As much as I looked forward to my first day in the classroom, the end of the first week requires a moment or two for personal reflection. Since my classroom assignments involved two very distinct groups of students, freshmen and seniors, there is a natural tendency to examine the status of rookie versus veteran. The differential of three years can be huge when it comes to maturity, self-esteem, appearance, and attitude. Freshmen are slow to judgement, while seniors tend to rush to judgement. Regardless, it has been a week filled with opportunities to expand upon everything college prepared me for, whether it's working in front of the classroom, roaming the room during a presentation, or evaluating the work being done by small groups of 3-4 students.
My students are diverse in so many ways and their learning styles vary considerably. On that first day I addressed the concept of respect, not only for myself, but for all students in and out of my classroom. I let it be known that no one agrees with another person 100% of the time, and it was important to stop and listen to what others have to offer. Ltieracy is more than the ability to read; it also involves speaking, writing and listening. That is one reason why each of my classes begins the period with a 5-minute writing prompt, and I emphasized that no student would have their work evaluated on proper use of grammar, punctation, or English langauge. I simply wanted them to THINK....and WRITE.
Day One: What is the most impactful event (so far) in your lifetime? And how would a Historian view it? (My Economics class wrote about how an Economist would view it)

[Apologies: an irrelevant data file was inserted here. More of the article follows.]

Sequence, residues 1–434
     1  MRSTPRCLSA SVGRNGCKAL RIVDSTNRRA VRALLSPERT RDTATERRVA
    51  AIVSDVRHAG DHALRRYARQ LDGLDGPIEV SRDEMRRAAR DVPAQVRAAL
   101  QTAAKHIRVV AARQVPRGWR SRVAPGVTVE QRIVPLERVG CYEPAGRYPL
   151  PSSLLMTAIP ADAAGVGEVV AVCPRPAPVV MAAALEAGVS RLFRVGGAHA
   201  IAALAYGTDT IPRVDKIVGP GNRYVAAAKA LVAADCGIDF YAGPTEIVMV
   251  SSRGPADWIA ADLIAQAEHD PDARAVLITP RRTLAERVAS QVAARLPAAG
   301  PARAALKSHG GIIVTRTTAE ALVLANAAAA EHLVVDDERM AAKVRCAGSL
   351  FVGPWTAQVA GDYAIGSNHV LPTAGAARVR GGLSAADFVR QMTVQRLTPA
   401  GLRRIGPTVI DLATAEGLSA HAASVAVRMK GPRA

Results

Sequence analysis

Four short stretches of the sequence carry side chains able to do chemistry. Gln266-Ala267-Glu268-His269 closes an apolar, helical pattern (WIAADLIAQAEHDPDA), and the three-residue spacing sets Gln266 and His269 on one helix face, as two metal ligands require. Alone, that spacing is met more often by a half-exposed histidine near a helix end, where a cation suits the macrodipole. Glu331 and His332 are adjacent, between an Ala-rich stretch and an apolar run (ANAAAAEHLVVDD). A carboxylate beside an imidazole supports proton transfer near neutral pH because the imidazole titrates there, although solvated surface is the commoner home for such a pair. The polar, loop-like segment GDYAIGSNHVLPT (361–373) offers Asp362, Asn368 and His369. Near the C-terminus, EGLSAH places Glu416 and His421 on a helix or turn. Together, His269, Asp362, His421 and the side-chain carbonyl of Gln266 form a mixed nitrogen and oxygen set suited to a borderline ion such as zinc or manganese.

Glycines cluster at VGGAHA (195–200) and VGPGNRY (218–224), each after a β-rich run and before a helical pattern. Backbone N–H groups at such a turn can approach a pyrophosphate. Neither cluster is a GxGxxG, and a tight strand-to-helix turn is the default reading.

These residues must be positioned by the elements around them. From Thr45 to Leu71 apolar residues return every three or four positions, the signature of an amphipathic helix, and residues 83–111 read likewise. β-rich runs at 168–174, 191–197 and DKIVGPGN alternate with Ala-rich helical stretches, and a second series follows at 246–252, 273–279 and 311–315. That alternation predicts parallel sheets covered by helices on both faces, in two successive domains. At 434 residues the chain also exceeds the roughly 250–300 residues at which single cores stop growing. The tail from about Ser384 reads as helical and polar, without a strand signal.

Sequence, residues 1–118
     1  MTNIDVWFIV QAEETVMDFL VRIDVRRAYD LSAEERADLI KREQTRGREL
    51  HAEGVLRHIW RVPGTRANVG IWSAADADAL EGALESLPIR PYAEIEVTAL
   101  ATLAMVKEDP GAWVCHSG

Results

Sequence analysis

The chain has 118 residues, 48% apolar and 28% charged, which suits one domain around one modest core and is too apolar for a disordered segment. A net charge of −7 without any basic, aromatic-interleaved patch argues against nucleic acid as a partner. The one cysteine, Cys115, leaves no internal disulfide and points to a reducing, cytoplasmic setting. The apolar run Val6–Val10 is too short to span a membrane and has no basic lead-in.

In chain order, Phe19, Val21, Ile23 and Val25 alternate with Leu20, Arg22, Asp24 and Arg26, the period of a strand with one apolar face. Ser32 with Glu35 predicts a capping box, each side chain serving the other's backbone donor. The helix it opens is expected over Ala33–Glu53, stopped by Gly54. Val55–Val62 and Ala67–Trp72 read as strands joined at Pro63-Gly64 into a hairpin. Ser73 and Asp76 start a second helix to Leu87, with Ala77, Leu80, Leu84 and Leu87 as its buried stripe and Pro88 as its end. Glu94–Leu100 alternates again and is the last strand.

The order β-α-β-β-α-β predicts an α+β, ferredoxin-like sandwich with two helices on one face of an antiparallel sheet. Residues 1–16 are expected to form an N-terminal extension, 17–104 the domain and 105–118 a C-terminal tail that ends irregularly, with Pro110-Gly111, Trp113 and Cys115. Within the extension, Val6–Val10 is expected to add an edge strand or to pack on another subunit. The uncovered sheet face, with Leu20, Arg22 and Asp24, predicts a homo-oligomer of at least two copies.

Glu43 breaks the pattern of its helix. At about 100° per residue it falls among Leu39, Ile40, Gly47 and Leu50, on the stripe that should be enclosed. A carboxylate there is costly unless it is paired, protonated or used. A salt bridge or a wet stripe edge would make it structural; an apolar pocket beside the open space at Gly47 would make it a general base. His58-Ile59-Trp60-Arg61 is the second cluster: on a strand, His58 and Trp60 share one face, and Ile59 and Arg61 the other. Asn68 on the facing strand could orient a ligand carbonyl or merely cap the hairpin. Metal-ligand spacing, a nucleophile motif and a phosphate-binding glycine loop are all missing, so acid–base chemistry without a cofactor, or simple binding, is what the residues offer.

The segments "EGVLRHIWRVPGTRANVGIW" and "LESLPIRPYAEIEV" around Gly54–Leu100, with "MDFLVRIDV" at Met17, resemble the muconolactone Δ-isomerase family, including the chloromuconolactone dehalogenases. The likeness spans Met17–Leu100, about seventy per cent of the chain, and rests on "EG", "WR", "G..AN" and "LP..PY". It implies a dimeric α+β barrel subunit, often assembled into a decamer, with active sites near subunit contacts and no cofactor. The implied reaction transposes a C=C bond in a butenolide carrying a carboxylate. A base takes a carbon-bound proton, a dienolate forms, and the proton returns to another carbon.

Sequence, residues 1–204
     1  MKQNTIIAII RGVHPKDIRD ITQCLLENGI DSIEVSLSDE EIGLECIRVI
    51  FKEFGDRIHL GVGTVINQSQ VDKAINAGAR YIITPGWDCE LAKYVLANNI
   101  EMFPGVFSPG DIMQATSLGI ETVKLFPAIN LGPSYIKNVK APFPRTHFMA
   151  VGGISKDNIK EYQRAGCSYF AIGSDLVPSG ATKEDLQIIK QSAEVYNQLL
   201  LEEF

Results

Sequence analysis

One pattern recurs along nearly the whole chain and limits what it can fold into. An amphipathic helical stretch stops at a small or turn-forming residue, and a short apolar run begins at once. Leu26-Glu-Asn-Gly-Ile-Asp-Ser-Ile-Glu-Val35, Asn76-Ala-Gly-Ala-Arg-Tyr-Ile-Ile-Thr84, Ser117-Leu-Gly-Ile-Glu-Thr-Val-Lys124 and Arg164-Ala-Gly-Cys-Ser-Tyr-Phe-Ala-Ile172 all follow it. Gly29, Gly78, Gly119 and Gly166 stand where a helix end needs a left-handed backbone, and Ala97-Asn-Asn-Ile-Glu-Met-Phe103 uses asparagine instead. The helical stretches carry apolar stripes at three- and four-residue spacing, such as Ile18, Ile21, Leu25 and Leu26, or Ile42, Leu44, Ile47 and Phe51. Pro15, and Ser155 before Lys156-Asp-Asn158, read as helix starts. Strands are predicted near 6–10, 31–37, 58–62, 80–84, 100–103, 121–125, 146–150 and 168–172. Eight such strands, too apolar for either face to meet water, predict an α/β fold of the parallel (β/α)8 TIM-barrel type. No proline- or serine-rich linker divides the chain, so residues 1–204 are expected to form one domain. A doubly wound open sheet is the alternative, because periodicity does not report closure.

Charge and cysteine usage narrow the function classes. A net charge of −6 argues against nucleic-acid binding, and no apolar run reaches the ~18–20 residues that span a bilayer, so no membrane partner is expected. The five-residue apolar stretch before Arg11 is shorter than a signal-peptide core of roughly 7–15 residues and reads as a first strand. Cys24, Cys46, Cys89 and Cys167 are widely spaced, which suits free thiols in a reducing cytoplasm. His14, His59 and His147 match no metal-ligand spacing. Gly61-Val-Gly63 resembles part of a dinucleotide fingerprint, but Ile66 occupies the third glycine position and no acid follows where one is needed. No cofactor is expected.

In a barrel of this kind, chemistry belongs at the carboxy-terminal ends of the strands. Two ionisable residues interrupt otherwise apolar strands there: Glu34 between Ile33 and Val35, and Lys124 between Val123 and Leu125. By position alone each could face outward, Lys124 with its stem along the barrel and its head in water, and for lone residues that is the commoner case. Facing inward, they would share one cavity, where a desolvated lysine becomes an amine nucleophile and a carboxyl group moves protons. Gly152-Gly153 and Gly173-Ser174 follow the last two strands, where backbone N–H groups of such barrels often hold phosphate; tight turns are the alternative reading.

Day Two: If you lived in Wisconsin 1,500 years ago, which would be the best to own: a horse or a cow or a dozen chickens? And why?
Day Three: You are an archaeologist thousands of years in the future. Try to imagine what it would be like to know absolutely nothing about these random objects that were recently unearthed in an archaeological dig. Pick a few objects to describe, and speculate about how they were used.
Day Four: If you had an unlimited plane ticket for a month, what would you do with it?
This first week I asked for volunteers who were willing to share their their ponderings, and I was pleasantly surprised how some students have already evolved. The core concept of literacy is being witnessed in my classroom, and the long-term effect will enhace student ability to construct good responses on future essay questions. While many Social Studies teachers are focusing on the teaching of history, I am infusing literacy so my students can actually see, hear and contemplate other perspectives. This is NOT easy work; but then, I never anticipated that it would be. It requires considerable thought and perseverance on my part. I know there will be days when students will struggle with my lessons, and I'll most likely be frustrated with their efforts...but this is what good teaching is all about.
When I gave each student a 3x5 lined card in the final minutes of class yesterday, I told them it was "Feedback Friday" and I needed their input on my first week. No names were to be put on the cards and it was completely optional on their part. I assured them that no one would be penalized for their comments, and I needed to know whether I was going too fast, too slow, too boring, too high-strung, what they wanted more or less of, what they liked the most/least, and anything else on their minds. Their comments, as simple or complex as they were, tugged at my heart in a good way...and I could see that this first week was everything I wanted it to be. Game changing and very real!